“A vacation is having nothing to do and all day to do it.”
“A vacation is having nothing to do and all day to do it.”
Farwell Lake, Michigan
So here’s the plan: fly into Vegas on Friday, Sept. 10 around 9:30 at night, grab my compact rental car, and start driving. Leave the Sin City behind and hit the road.
Next, make it to Springdale, Utah, just south of Zion National Park, check into a room at some low-rate motel, and hit the park. Hiking and picture taking. A day, maybe two, then hit the road again, southeast this time, toward the Grand Canyon’s North Rim. Find a spot to sleep, maybe with the rental car as my tent, build a fire in the desert, and wake up to do some more hiking – to the bottom of the Earth.
Last time I was in the neighborhood, I passed up on the Grand Canyon only because of time constraints. By the time Route 66 wound through Arizona, there was too much left to see along the actual route – and when I got to California, I had to turn around and drive all the way back home.
But I always knew I’d be back, and it only took four years. So it’s time to do the largest gorge on Earth justice and explore it righteously.
My only concern is gear: since I’ll be flying and not driving West, it’s not like I can fill the car with tents and pots and backpacks. In fact, I want to travel as lightly as possible. One option is to pick up everything I’ll need there, use it, and ship it home. I’m still working this one out.
After all the parks, it’s on to New Mexico, and to Albuquerque to see Cowboy and Sarah and Kita, their nice, skittish dog. The last time I was in town I had a burger and malt at a ‘50s-style diner, and became a member of the Albuquerque Public Library System to use the Internet. That was only an hour or two, but this time I’ll have days to explore: visit the Route again, maybe do some hiking, definitely go swimming in the Myers’s apartment complex pool.
That’s until Friday night. Saturday morning has me hauling ass across the desert to make it back to Vegas and take a red eye flight back home.
It’s an adventure like the old days, when time and money were no object. My last big trip was New England, and that seems so long ago that I get experiences from that trip mixed with the others. Which trip had my knee hurting? (New England) Which trip had fears of car trouble? (Route 66 and Pennsylvania/Columbus) Which trip was I hit on by a gay guy? (All of them)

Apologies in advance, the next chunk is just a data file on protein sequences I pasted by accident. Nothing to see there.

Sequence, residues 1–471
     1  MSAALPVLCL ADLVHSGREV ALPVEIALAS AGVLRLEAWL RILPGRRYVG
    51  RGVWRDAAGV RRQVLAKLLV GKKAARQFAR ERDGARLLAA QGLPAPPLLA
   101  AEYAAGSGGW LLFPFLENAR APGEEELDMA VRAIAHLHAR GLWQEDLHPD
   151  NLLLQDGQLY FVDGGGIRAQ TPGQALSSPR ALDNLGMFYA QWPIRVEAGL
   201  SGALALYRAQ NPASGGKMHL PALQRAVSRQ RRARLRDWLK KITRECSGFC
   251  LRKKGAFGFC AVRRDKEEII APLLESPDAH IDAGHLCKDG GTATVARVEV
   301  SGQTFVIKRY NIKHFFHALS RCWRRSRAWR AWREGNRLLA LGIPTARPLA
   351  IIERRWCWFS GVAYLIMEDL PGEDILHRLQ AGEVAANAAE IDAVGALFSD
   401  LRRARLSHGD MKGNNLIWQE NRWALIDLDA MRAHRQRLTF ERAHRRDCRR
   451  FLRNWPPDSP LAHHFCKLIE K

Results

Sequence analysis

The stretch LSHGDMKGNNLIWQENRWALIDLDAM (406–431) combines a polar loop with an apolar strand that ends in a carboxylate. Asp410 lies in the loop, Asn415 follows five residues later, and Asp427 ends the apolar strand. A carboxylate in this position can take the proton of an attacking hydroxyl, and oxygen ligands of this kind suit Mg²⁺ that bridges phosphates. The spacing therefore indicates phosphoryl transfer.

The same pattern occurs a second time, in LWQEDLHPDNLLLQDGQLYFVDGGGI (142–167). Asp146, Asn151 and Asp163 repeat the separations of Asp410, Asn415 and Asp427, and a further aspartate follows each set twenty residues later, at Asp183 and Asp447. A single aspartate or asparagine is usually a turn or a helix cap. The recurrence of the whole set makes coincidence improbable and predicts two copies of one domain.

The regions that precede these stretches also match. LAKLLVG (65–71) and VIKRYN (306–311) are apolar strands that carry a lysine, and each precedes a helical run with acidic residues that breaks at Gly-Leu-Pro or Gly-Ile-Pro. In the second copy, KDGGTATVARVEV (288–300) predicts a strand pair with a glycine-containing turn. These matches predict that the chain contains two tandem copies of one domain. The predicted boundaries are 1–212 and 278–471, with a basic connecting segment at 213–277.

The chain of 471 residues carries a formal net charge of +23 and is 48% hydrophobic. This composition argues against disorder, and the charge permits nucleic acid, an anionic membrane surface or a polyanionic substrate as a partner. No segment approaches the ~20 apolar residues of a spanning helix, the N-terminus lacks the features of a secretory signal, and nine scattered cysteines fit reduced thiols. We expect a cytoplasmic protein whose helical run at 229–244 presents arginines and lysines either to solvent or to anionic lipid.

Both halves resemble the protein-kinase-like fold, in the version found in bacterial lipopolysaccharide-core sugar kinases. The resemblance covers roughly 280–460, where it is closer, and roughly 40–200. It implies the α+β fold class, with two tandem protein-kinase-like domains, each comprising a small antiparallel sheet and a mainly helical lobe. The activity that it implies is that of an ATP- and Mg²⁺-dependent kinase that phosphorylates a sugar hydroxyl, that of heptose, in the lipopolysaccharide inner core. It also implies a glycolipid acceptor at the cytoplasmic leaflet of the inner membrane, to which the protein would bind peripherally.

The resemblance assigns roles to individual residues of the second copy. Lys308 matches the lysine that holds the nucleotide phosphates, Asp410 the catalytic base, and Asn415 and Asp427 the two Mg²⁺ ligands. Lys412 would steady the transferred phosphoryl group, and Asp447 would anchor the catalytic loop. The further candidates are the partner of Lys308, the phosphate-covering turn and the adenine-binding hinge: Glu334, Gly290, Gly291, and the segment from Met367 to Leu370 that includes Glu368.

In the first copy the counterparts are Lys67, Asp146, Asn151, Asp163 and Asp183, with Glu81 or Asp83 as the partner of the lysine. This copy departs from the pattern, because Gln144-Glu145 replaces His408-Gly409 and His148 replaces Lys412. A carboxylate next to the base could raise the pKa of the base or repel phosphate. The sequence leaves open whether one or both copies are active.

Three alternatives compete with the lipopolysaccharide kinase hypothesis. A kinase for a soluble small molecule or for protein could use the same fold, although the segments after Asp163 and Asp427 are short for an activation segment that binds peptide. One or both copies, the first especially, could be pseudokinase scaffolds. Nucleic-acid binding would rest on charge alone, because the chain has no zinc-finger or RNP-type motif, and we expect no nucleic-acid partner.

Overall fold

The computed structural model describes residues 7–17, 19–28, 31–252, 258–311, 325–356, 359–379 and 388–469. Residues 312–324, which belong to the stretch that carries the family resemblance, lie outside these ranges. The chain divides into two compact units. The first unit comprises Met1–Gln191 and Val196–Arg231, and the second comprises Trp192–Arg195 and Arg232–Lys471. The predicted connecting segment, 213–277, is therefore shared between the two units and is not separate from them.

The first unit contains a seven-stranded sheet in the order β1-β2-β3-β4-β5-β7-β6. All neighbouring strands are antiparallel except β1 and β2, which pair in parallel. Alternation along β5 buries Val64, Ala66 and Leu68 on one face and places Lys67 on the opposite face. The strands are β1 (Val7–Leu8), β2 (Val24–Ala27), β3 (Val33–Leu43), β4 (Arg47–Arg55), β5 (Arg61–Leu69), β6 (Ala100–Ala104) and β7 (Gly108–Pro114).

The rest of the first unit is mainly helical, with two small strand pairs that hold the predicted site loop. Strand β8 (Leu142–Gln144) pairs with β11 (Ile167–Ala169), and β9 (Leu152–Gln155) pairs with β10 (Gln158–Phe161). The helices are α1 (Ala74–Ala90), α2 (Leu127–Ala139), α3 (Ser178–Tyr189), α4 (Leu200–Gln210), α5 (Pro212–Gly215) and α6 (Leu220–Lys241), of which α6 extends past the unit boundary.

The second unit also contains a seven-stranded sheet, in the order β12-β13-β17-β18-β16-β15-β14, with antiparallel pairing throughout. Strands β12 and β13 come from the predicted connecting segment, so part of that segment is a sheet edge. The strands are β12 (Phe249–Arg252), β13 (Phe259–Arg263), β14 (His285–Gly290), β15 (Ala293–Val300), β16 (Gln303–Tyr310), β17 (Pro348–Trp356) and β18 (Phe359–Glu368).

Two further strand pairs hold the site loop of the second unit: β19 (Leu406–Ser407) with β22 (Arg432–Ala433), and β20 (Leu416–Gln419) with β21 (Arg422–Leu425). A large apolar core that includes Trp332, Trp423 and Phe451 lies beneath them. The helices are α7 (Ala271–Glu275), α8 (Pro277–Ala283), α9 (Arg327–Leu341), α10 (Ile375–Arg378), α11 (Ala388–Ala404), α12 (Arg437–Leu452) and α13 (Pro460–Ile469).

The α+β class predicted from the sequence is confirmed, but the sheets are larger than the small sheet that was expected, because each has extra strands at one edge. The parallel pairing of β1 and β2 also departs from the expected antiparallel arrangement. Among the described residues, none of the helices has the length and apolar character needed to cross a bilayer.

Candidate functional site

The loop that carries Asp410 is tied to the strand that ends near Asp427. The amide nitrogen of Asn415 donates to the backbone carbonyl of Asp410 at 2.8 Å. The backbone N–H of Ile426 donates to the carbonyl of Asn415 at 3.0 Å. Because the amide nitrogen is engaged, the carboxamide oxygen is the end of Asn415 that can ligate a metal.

This is how I get my head straightened out. Me, sitting in a car, blaring the radio, windows down (yes, even – and especially – in the desert), seeing things I’ve never seen before. It’s cathartic and therapeutic and fun all at once. It’s the “me” that I’ve gotten to know so well, and it’s time to revisit that feeling.
There was a story in Ken Burns’s “The National Parks” documentary about the head of the national parks, Stephen Mather, going bat-shit insane if he didn’t get out and explore the country on a periodic basis. He spent so much time in Washington that he would up in a mental ward for 18 months until his family took him out West and – lo and behold – his soul and sanity were restored. I can relate.
After a certain amount of time, I get The Itch – the feeling that there’s adventure out there somewhere. Really, it’s because there’s not much room to sit and think around these parts. Sitting and doing nothing but thinking, with some hiking and picture-taking mixed in, allows for time and space totally dedicated to reflection. What have I done? Where am I going next? Why didn’t I stop at that last rest area? These are questions that need to be answered.
So I’ll answer them at the bottom of the Earth, and in between tunnels of rock and dirt, and in the middle of nowhere – amongst my best friends.
Next week, I face the first week-long vacation of my adult life where I have no plans.
I’ve never taken time off from work and done nothing.
By “nothing” I mean no cross-country trip, of course. My first dose of vacation time took to me my first solo trip, a long weekend in Chicago, and from then on it’s been 1,000 miles or more. It’s the only way I know how to operate.
But it’s not like I have “nothing” to do. I’ve got an entire list of projects, errands, and favors I can attend to. In fact, I plan to use some of my time off to plan my next giant interstate (or inter-province) trip.
Through May, I’m using the last of my remaining vacation time. There’s an entire week off next week, and then there’s a five-day weekend for Memorial Day later this month. For that, I’ve had a few ideas. I’ve wanted to hike the Appalachian Trail, so I thought about heading down to the Tennessee/North Carolina border and roughing it. Yosemite National Park is also on my to-see list. Part of my big end-of-July trip involves me actually having money, however, and each of those trips seemed costly. What’s a budget-minded person to do?
Here’s the beauty of Facebook: I planned a long weekend in Los Angeles with Andrew thanks to a few wall postings. How’s that for planning? All it will cost me is the plane ticket and money for food. And perhaps a Dodgers game.
All that’s in the future. Next week, though, I plan on tying up any loose ends in my life. That includes thinking seriously and deeply about what I want to do with the next five years. Where do I want to work? Where do I want to live? What else do I want to do?
My mom’s death left me introspective. It’s not that I didn’t see it coming, but I realized that I’ve been stuck in a rut. Mom dying woke me out of it. So from here on out, I’m not going to be so nervous about trying on new things, tasting new experiences, and quit living life day to day as I have been.
We get comfortable. You’ve probably felt it yourself.
Then we wake up 20 years down the road and have a lot of unchecked items off our big To-Do List. I don’t want that to happen.
So that’s what I’ll do next week: work on the next big project. I’ll have plenty of free time to think, do, and plan.